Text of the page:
The dot thicknesses or track widths are symmetric about the centre of the comer and so signals flow equally well in either direction. This can cause a problem if the sense in which a soliton navigates the comer (i.e. clockwise or anti-clockwise) is different from the sense of rotation of the clock field. If the two senses are the same, then no problem occurs and the signal is swept around the comer. If the senses are different, however, then the soliton will be reflected at the comer and unable to propagate. A given magnetic logic system will usually have a single sense of clock field rotation. This means in practice that the symmetric corner can only be used for those corners which are of the same sense as the clock. When it is desired to turn a comer in the opposite sense, the asymmetric comer (below) should be used.
(e) Asymmetric corner
The asymmetric comer is shown in Figure 8 and is used when a soliton must flow in the opposite sense to the sense of rotation of the clock field. A soliton
enters the horizontal conduit from the left and is carried to the corner during either phase 1 or 3 of the clock. It then waits 5 phases and is carried down the vertical arm during the next clock period. Dot thickness (Figure 8a) or track width (Figure 8b) is varied on the approach to the corner. The thickness or width gradient on the incoming arm prevents the soliton from being reflected during its 5 phase wait. The uniaxial anisotropy on the corner dot (Figure 8a) helps carry the magnetic flux around the corner. Signals flow around the asymmetric corner in the opposite sense to the sense of the clock.
(f) 2-phase fan-out
It is frequently necessary to split a signal into two identical signals, a process known as 'fan-out'. In magnetic logic, this means creating two solitons where previously only one existed. Two methods are described for doing this. The first is the 2-phase fan-out and is shown in Figure 9. A single soliton enters to the right along the horizontal arm. On the next clock phase a soliton leaves through the upward vertical arm (if the clock rotation sense is anticlockwise; if it is clockwise then the first soliton leaves through the downward vertical arm). Nothing happens during the third phase and on the fourth phase a second soliton leaves through the other vertical arm. In Figure 9a a thickness gradient is provided on the incoming arm before the fan out. In Figure 9b a width gradient is provided on each outgoing arm beyond the fan out for equivalent reasons.
(g) 1-phase fan-out
If it is desired to have the two fanned-out solitons travelling in the same direction as the original soliton, then the 1-phase fan-out should be used (Figure 10). The incoming soliton is immediately split into two channels and
continues propagating during the same clock phase. In Figure 10a a thickness gradient is provided on the incoming arm before the fan out. In Figure 10b a width gradient is provided on each outgoing arm beyond the fan out for equivalent reasons.
One of the major advantages of magnetic logic over conventional microelectronics is that signal lines can cross each other in the same plane. This greatly simplifies the design and fabrication of devices. Figure 11 shows the dot thickness (Figure 11a) or track width (Figure lib) variations required to do this. The thickness gradients in two of the four arms and the particular track width variations are selected to make the device unidirectional.
(v) Logic Gates
According to this invention as illustrated in the present examples there are two basic logic gates. The first is the AND/OR gate and the second is the NOT gate.
(a) AND/OR gate
Figure 12 shows the basic AND/OR gate. It has two inputs and one output. The coupling between the two input arms and the output arm is such that if the same logic state is presented on the two inputs, then that state will be transmitted to the output. If the inputs carry different logic states, however, then nothing is transmitted to the output and it retains its previous state. This alone does not constitute a useful logic function. The purpose of the strong pulse during phases 5 and 6 of the clock is to set the output of all logic gates to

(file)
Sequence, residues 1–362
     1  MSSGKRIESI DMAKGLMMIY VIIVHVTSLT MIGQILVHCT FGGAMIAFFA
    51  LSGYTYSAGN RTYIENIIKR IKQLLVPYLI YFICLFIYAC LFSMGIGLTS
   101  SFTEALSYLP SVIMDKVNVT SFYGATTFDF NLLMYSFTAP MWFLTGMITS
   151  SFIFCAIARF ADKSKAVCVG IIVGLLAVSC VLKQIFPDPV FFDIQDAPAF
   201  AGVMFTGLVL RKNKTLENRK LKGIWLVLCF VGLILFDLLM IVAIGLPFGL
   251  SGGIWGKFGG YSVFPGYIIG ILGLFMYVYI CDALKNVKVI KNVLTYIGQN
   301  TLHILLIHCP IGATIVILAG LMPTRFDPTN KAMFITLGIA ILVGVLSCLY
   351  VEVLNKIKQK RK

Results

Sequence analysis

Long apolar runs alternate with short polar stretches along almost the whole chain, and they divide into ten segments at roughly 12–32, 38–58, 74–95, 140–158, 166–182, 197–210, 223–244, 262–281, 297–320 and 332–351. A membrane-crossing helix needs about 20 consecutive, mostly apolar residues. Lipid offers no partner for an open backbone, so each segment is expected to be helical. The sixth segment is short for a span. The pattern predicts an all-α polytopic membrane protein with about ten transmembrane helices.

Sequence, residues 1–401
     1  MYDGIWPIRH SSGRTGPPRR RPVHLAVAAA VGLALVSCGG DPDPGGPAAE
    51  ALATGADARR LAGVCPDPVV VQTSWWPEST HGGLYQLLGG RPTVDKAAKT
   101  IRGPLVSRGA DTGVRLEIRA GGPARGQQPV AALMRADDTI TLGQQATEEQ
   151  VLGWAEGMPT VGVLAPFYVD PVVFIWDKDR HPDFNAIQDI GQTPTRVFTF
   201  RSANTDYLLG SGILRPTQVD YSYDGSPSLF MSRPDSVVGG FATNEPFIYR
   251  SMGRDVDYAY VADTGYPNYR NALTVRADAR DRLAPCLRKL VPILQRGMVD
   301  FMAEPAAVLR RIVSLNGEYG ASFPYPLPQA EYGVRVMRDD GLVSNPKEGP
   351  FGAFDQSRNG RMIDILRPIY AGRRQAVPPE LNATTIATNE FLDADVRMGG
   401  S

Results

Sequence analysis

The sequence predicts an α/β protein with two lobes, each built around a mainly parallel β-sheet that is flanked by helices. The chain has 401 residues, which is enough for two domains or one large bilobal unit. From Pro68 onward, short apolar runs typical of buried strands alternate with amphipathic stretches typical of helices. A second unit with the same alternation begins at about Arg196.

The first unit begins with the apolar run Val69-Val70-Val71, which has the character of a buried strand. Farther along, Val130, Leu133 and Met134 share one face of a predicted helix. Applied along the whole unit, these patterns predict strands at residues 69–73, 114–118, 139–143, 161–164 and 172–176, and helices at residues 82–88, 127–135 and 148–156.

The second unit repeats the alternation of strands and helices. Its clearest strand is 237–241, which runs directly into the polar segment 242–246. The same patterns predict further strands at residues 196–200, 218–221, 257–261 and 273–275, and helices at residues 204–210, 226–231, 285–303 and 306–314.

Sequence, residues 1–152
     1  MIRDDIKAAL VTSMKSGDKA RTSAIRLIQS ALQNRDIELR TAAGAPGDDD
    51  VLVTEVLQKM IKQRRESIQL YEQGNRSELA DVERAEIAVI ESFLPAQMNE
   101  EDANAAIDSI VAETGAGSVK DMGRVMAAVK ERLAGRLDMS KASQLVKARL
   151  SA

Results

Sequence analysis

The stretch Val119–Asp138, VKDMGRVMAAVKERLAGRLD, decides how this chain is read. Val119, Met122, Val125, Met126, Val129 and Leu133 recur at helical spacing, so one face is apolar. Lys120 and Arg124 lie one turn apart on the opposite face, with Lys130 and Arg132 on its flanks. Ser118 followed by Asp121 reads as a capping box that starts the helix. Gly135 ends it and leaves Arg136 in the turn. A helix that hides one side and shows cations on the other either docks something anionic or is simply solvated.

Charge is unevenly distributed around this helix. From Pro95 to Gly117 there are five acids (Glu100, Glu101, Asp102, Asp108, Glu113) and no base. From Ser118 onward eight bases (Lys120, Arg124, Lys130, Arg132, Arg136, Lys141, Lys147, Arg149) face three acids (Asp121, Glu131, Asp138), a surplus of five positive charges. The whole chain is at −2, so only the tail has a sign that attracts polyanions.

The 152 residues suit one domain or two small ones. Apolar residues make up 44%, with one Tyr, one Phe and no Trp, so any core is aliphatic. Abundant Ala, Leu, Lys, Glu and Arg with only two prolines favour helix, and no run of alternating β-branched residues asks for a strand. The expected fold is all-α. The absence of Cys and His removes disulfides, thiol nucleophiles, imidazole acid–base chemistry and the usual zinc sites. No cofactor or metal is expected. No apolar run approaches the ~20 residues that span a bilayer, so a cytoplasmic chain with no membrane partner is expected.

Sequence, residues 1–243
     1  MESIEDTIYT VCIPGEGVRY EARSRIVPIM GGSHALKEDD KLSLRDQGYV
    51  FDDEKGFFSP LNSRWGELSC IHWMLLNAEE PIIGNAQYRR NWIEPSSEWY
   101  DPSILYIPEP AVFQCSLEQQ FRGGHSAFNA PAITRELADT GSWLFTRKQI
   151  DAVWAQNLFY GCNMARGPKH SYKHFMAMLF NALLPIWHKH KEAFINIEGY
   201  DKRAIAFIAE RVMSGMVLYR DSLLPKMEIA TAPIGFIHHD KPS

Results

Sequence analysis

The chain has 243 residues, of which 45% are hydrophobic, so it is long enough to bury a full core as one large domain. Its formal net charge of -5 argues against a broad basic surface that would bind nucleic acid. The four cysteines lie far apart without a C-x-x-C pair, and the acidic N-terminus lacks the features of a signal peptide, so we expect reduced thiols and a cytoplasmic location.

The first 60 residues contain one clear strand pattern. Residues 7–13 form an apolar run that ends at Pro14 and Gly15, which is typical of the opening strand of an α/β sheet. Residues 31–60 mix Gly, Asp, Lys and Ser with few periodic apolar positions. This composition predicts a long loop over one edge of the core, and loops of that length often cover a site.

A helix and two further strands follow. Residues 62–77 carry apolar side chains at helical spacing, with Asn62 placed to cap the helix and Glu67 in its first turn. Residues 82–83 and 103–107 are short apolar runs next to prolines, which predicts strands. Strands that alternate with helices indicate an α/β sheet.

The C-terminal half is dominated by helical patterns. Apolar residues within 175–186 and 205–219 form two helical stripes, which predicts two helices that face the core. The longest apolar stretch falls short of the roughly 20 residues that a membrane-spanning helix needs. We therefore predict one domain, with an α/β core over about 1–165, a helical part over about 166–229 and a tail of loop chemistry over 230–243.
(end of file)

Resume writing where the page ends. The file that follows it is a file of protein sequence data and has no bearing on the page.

the same known state if, and only if, the two inputs are different The gate then performs a useful logic function. For the clock sequence shown in Figure 1, the output of the gate shown in Figure 12 is logic 0 for all input states except both inputs =1. This is the AND function. Alternatively, if the strong clock pulse were oriented to the right, then the output of the gate would be logic 1 for all inputs states except both inputs =0, which is the OR function.
It is anticipated that the entire magnetic logic chip would experience the same phase 5/6 pulse, suggesting at first sight that only one type of gate can be obtained across a chip. However, this is not the case. If one reverses the direction of the AND/OR gate, as shown in Figure 13, then it performs the opposite logic function, because the logic basis of the output arm has been reversed (assuming relative flow mapping of logic states - see section 0) but the phase 6 pulse direction has not. The ambiguous case where the two inputs are different is now reset to logic 1 (although still magnetisation pointing to the left), which generates the OR function. Thus, for the clock sequence of Figure 1, Figure 13 shows an OR gate.
(b) NOT gate
Figure 14 shows the basic inverting gate. The relatively tight angle at the top of the gate, combined with the uniaxial anisotropy in the top dot prevents the magnetisation from flowing around the loop, but rather creates a divergence. This is the source of the inverting function, as illustrated in the lower part of Figure 14.
If it is desired to turn a corner at the same time as performing the inversion, Figure 15 shows the same device without the second corner. Notice that
because of the inverting nature of the gate, signals flow freely around corners of opposite sense to the clock field rotation sense.
(vi) Exchange Coupled Logic
The magnetic logic system based on nanodots presented as one example in this application and previously described in the Cowburn & Welland reference assumes magnetostatic coupling between magnetic dots. The present invention is not so restricted however, and in the alternative exploits an alternative magnetic logic scheme which uses exchange coupling between nanomagnetic elements.